Toyota Mobility Foundation and partners to launch Rama4 project to ease traffic congestion in Bangkok
The Toyota Mobility Foundation (TMF) and its Thai partners in the Ministry of Transport, Bangkok Metropolitan Administration, Metropolitan Police Bureau, Chulalongkorn University and Grab Thailand will launch a project to ease traffic congestion on Rama4 Road. It will be known as the “Rama4 Model.”
This project was initiated as an extension of the “Sathorn Model” which took place from 2015-2017 and achieved positive results through the implementation of a variety of countermeasures. These included traffic signal control optimizations, the introduction of smart shuttle services, flexible working time, park & ride, and more.
These activities allowed the development of a clear roadmap to counter congestion, and the partners submitted it to the Thai government for implementation across the city.
This new “Rama4 Model” project, which will be funded through a grant of approximately 50 million baht (US$1.7 million) from Toyota Mobility Foundation to Chulalongkorn University, is scheduled to last about 18 months from November 2019 through early 2021.
It is a trial to study and test the ability to use advanced data-driven solutions that can ease traffic congestion on the Rama4 Road. The partners selected Rama4 Road as the location because it is one of the most congested areas in Bangkok. It embodies a unique set of circumstances including significant growth potential for new business and residential areas such as One Bangkok and Samyarn Mitrtown Project, among others.
The critical component of this project is the effective usage of huge and diverse sets of data from several sources such as GPS data from Grab Taxi and Public Buses, CCTV footage and multiple sensors. This data will be combined with new technology for analysis (AI and Machine Learning) and knowledge from mobility and technology experts from private and academic entities such as Chulalongkorn University, ITIC, AIT, Siametrics and Waycare.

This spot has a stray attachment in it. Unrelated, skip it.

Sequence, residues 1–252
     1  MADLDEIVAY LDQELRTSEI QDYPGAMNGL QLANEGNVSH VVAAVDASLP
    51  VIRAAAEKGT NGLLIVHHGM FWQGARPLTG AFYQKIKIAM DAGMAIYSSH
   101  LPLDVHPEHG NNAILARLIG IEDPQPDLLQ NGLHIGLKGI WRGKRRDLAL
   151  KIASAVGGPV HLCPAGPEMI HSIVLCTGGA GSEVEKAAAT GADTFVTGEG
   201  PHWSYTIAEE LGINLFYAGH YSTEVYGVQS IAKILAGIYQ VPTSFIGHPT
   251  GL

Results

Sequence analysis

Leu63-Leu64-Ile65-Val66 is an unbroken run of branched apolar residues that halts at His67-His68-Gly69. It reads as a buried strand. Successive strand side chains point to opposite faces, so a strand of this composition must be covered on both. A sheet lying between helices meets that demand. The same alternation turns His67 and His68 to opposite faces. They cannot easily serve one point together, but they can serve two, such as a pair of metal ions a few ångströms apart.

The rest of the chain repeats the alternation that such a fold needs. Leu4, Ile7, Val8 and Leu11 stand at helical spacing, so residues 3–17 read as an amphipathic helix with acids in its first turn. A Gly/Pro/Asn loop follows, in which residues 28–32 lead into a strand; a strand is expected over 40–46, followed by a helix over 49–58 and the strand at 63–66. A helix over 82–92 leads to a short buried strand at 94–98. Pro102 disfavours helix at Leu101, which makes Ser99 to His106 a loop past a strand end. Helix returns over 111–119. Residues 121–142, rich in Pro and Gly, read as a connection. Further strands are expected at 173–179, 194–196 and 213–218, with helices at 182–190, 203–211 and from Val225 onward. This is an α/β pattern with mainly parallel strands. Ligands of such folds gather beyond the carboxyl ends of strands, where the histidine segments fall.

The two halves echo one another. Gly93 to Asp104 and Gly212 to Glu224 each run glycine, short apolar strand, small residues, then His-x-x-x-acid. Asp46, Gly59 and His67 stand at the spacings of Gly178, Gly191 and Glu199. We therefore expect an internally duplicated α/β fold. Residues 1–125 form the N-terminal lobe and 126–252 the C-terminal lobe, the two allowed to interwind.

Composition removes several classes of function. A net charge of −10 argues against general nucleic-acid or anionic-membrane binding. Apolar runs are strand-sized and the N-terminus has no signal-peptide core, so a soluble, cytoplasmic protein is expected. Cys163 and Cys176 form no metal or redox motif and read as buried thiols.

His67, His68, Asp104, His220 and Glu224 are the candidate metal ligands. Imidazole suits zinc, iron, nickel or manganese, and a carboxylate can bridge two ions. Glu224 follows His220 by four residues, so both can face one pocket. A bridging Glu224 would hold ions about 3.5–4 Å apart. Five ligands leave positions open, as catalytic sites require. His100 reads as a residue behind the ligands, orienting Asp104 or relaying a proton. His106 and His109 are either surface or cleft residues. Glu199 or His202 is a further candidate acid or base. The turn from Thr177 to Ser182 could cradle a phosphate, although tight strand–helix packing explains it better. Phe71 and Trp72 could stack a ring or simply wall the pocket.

The project will seek to understand and visualize current traffic conditions and status, deeply comprehend trends and patterns to predict future traffic issues, and eventually gain insights for the design of traffic management systems, transportation networks and city planning adaptations. All the partners believe that this trial project will be “a big step towards Mobility for All.”
The key success factor for this project is to have good public, academic and private partnership. The government will show initiative and leadership to deliver data and eventually implement the identified countermeasures to solve traffic congestion issues for their citizens. Academic institutions, such as Chulalongkorn University as the primary project coordinator, will push the most advanced technology and know-how to develop the skills and capabilities to manage this complex issue in Thailand. Private parties such as Grab and AIT will contribute data and traffic optimization knowledge. Finally, the Toyota Mobility Foundation, as an independent foundation, will support through funding, mobility know-how, and project management.
It is clear that without close collaboration and cooperation of all parties, complex traffic issues cannot be solved. As the partners implement this project, it is equally critical that residents of Bangkok strongly take ownership and support these types of initiatives, TMF said.
The Toyota Mobility Foundation was established in August 2014 to support the development of a more mobile society. The Foundation aims to support strong mobility systems while eliminating disparities in mobility. It utilizes Toyota's expertise in technology, safety, and the environment, working in partnership with universities, government, non-profit organizations, research institutions and other organizations to address mobility issues around the world. Programs include resolving urban transportation problems, expanding the utilization of personal mobility, and developing solutions for next generation mobility.